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Monday, August 03, 2020

Explained: Moratorium ends in a month, here is how to manage your home loan

RBI EMI Moratorium: Can you bring down the interest on your loan? How much money will you save by doing this? What other steps can you take?

Written by Sandeep Singh , Edited by Explained Desk | New Delhi | Updated: August 3, 2020 8:54:06 am
home loan, rbi loan emi moratorium, rbi loan emi moratorium news, rbi emi moratorium, rbi repo rate cut, moratorium, home loan cut, home loan interest rate, home loan moratorium In these uncertain times, it is important to have enough liquidity to sustain the family for at least 3-6 months. (Getty Images)

The six-month moratorium on repayment of loans ends in another month (on August 31) – unless the Reserve Bank of India allows a second extension. The moratorium brought relief to many home loan customers who saw their incomes decline amid the pandemic-induced lockdown and the slowdown in the economy. But it is now time for borrowers to reassess their finances and optimise the outgo on home loans.

Can you bring down the interest on your loan?

Over the last 18 months, the RBI has cut repo rates by 225 basis points, and banks and housing finance companies have reduced their interest offering on new loans from around 9% to under 7% now. But many existing home loan customers are still paying around 8.5% or, in some cases even 9%, interest.

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These customers should approach their bank or housing finance company and switch to a lower rate by paying a small conversion fee (which is usually a few thousand rupees). This will bring their interest rate to the levels that their bank/HFC is now offering on fresh loans.

How much money will you save by doing this?

Suppose you have principal outstanding of Rs 30 lakh on an ongoing home loan, and the tenure remaining is 15 years (180 months). At an interest rate of 8.5%, you would be paying an EMI of Rs 29,540. However, if by paying a conversion fee, you can bring the interest rate down to 7.4%, your EMI could come down by Rs 1,900 – or, if you choose to pay the same EMI, the tenure of your loan can come down by 20 months to just 160 months.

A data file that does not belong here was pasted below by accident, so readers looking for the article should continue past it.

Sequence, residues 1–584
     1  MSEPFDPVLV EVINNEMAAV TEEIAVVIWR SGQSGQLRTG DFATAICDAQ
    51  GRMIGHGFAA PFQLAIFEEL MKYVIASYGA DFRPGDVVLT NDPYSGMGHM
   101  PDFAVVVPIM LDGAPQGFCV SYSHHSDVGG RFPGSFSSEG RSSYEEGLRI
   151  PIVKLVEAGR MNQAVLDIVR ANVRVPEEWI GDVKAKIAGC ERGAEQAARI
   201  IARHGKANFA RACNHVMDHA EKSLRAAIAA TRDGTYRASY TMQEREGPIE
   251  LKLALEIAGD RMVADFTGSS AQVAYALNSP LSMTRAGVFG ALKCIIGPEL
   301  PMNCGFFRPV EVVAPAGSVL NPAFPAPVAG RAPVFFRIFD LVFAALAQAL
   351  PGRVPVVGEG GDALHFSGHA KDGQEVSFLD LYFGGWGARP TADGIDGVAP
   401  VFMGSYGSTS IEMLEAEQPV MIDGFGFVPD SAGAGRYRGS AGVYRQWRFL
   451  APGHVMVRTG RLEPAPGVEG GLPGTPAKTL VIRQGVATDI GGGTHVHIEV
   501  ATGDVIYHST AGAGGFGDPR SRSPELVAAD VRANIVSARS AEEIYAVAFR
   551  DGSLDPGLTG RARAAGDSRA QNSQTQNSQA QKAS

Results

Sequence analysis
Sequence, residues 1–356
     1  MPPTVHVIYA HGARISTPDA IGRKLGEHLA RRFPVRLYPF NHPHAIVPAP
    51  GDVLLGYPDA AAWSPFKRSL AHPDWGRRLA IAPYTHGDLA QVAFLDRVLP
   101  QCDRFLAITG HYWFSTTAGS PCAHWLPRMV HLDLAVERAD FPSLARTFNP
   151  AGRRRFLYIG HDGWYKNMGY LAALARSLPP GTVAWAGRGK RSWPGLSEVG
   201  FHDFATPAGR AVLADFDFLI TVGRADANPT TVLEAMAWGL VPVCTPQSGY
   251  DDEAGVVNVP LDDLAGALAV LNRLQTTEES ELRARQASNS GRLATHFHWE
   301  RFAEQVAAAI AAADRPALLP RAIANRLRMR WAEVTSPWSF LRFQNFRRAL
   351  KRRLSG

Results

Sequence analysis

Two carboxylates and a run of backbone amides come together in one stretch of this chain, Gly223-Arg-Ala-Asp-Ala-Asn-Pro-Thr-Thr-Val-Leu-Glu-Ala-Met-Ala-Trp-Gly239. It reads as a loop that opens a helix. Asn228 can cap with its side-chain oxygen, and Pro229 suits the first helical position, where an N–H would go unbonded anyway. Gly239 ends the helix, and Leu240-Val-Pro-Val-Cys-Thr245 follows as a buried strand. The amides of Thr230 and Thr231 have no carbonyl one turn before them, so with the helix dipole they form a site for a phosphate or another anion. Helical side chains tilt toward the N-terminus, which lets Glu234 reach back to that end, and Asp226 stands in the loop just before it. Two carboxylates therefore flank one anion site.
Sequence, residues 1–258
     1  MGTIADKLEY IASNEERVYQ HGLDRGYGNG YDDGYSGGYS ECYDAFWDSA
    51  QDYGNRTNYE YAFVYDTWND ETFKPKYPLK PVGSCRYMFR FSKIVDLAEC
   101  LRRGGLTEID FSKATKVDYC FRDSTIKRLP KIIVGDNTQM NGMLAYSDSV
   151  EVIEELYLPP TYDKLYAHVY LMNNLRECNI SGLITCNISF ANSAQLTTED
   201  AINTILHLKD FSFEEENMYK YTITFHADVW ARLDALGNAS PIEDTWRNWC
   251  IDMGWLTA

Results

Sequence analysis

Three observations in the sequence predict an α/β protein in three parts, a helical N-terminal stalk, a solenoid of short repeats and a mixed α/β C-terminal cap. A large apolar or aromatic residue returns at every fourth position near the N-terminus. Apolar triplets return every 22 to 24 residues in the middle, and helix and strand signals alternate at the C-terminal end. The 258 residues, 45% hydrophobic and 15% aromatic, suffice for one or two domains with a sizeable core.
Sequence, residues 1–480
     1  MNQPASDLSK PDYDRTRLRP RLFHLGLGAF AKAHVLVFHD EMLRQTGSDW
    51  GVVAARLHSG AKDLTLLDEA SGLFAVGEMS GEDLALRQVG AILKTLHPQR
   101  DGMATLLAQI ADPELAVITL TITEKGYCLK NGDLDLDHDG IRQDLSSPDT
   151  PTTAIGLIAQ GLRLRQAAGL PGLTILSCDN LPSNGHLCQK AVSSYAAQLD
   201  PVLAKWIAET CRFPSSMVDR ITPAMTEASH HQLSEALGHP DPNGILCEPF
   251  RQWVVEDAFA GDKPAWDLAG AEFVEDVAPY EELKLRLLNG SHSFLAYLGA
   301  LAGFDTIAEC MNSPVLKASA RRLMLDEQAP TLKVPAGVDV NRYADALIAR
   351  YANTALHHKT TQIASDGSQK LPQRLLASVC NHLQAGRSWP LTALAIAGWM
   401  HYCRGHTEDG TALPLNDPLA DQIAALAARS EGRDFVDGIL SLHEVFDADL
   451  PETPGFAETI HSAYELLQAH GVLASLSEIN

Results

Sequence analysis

Also, you should ask to be moved from the marginal cost-based lending rate to the repo rate-linked lending rate in order to ensure that whenever the RBI cuts the repo rate, the bank automatically passes on the benefit to you.

What other steps can you take?

In these uncertain times, it is important to have enough liquidity to sustain the family for at least 3-6 months. While this can be in the form of bank savings or fixed deposits, it is important to note that it may not be the right approach to have a higher component of savings in low interest-earning fixed deposits, while also paying a higher interest rate on home loans.

The State Bank of India is currently offering an interest rate of 5.1% on term deposits of 1-3 years. If you fall in the highest tax bracket, the interest income would work out to only 3.4%. However, on your home loan, you would be paying anywhere between 7% and 8.5%.

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It is, therefore, wise to not roll over fixed deposits (beyond what is required for liquidity), and utilise it to repay part of your loan. This will, again, help to either reduce your monthly EMI outgo or the tenure of the loan.

Thumb rule: any asset that is earning a lower interest than the loan outgo should be utilised to repay the loan.

If RBI extends the moratorium, should you opt for it?

The fact that the interest component of the EMI during the moratorium period gets added to the principal outstanding of the loan, will result in an increase in the EMI going forward. If possible, it is advisable to avoid availing of one more phase of moratorium.

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